By Emily Younker
Activity at the Boys & Girls Club of Southwest Missouri is still running at a level higher than it was before the May 2011 tornado, executive director Rhonda Gorham said recently.
Tens of thousands of extra dollars, raised by a United Way organization in central Missouri, helped fill funding gaps so the organization could continue its programs, she said.
“Right after the tornado, we had taken on extra kids, extra hours; kids were staying longer days, more hours per day,” Gorham said. “We were feeding multiple meals a day, and that money helped us just be able to do all that. We were able to offer some scholarships to kids that wouldn’t have been able to come. It just helped cover all those costs.”
Officials say about $230,000 raised by Heart of Missouri United Way in Columbia is still available for the area’s long-term recovery needs. Dozens of local groups have already received the bulk of $1.73 million that was raised for Joplin organizations after the tornado.
The Boys & Girls Club received nearly $60,000 from Heart of Missouri in two payments in 2011 to assist with increased demand for its programs after the tornado, according to local United Way records. The organization currently serves 349 children and averages 300 each night during its after-school program — up from an enrollment of about 300 children and an average of 200 to 250 each night before the tornado, Gorham said.
Spiva Center for the Arts received a $5,000 grant for student scholarships and a $10,000 grant for its “Dear World, From Joplin With Love” exhibit last spring. The exhibit featured portraits of Joplin tornado survivors, first responders, city officials and residents by New Orleans photographer Robert X. Fogarty.
Jo Mueller, executive director at Spiva, said the exhibit would have been “not at all” possible without funding from the United Way.
“It was an important exhibit for Joplin to be able to experience, and for the people who participated, I think it was truly meaningful,” she said.
Spring River Christian Village received $2,340 last spring to buy 39 weather radios, which were distributed among nurses’ stations and independent residents, lifestyle coordinator Susan Warden said.
“It was very much appreciated,” she said. “Everybody feels better having a little more heads-up (of severe weather).”
The fundraising campaign was launched by Brent Beshore, a Joplin native and board member of the Columbia-based United Way. Beshore set up a Facebook page the night of the tornado to share information with about 35 friends in his Facebook network who had ties to Joplin.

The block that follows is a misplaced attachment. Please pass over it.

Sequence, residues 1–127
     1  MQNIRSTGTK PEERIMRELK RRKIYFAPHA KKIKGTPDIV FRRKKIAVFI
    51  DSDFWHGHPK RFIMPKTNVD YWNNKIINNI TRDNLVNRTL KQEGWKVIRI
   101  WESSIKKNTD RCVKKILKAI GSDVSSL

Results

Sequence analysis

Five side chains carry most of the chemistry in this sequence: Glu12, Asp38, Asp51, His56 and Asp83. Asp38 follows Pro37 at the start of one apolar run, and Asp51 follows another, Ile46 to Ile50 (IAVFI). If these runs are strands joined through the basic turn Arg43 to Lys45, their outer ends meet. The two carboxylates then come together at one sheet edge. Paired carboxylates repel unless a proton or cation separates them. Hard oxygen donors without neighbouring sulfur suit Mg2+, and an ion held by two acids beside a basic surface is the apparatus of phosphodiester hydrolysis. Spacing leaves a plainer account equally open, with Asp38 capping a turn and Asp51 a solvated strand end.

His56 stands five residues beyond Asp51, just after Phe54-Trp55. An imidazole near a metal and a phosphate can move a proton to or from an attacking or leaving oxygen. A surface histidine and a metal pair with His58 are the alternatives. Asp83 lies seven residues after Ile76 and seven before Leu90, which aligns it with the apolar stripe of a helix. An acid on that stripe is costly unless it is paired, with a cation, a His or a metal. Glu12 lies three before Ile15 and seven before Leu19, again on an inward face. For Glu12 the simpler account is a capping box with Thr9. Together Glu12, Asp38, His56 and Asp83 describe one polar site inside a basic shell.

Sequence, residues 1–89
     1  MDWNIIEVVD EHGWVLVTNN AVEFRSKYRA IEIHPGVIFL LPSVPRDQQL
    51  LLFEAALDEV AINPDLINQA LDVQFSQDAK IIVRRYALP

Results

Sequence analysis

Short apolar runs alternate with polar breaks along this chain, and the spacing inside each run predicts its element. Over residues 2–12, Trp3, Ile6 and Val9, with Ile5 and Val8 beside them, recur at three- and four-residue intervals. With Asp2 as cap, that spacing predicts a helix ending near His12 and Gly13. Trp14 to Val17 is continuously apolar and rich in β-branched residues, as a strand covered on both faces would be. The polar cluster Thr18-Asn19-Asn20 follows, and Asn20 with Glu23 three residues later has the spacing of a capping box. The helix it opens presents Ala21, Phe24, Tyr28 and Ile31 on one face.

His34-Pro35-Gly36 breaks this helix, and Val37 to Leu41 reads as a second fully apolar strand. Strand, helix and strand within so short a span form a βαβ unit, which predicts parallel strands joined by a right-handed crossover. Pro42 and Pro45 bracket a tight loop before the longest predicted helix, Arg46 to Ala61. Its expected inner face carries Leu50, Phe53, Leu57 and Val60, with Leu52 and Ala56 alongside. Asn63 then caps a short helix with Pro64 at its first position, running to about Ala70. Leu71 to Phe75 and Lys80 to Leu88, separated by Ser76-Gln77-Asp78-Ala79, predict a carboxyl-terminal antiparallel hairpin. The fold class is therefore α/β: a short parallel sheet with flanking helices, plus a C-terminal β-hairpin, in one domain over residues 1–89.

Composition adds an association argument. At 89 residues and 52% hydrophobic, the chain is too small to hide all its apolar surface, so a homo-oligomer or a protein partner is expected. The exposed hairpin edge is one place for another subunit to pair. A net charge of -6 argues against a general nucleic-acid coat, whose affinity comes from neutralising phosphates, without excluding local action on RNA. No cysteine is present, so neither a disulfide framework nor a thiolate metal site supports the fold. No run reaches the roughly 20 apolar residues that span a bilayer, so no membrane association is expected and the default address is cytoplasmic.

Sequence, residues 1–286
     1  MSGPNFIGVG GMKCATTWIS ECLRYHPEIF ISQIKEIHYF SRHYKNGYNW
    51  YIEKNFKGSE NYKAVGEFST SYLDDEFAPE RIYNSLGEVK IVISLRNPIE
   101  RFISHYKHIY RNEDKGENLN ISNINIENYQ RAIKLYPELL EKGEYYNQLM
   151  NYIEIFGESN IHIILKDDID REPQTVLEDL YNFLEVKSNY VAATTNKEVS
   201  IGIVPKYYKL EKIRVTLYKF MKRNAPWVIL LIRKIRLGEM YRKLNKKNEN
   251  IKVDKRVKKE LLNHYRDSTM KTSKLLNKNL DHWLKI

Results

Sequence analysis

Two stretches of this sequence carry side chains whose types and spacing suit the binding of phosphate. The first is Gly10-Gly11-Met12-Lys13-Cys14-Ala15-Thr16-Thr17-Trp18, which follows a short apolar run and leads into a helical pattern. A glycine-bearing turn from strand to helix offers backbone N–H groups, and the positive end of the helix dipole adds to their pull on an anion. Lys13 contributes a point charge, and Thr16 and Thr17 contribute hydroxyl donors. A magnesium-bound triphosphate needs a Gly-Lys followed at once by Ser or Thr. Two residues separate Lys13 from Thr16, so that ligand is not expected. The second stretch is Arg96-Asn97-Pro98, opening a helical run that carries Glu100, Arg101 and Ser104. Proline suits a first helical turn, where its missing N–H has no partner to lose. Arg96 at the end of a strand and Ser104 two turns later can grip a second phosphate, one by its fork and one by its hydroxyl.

By the next morning, nearly 50,000 people were on the page, with many looking for ways to help, he said. He met with Tim Rich, executive director of Heart of Missouri United Way, to see if the organization would formally take on the campaign.
“Without giving a second thought, my response was, ‘Sure,’” Rich said. “That’s what United Way does.”
By the end of that week, the organization had raised more than $1 million for Joplin tornado relief efforts, Rich said. Those funds — about $1.73 million by the end of the campaign — were disbursed through a local committee, he said.
“We didn’t think at all that we in Columbia should be deciding what to fund in Joplin,” Rich said.
In the year after the tornado, organizations receiving funds from the campaign also included AmeriCorps St. Louis, Crosslines, Joplin Area Habitat for Humanity, Ozark Center for Autism, the Community Health Clinic, the Salvation Army, Mercy Hospital, the Joplin Family Y, Joplin Family Worship Center and the city of Duquesne.
“It’s absolutely amazing, what’s happened,” Beshore said. “We had immediate resources to be able to get to people immediately with no strings attached.”
The board of the United Way of Southwest Missouri and Southeast Kansas took control of the remaining $230,000 in available funds last month. Its members remain in close contact with the Columbia group as they decide how to allocate those funds for the region’s long-term needs, said Kate Massey, director of community impact for the local United Way.
“We’re not sure what the needs will be for the next two, three or 10 years, so we want to make sure we are good stewards of the money,” she said. “We’re trying to figure out what is the most appropriate for our community to fit underneath that umbrella of long-term recovery.”
Source of donations
ABOUT $450,000 of the $1.73 million raised for Joplin tornado relief by Heart of Missouri United Way in Columbia was given by Missouri residents, while the remaining amount was pledged from people across the country and around the world, according to Tim Rich, executive director.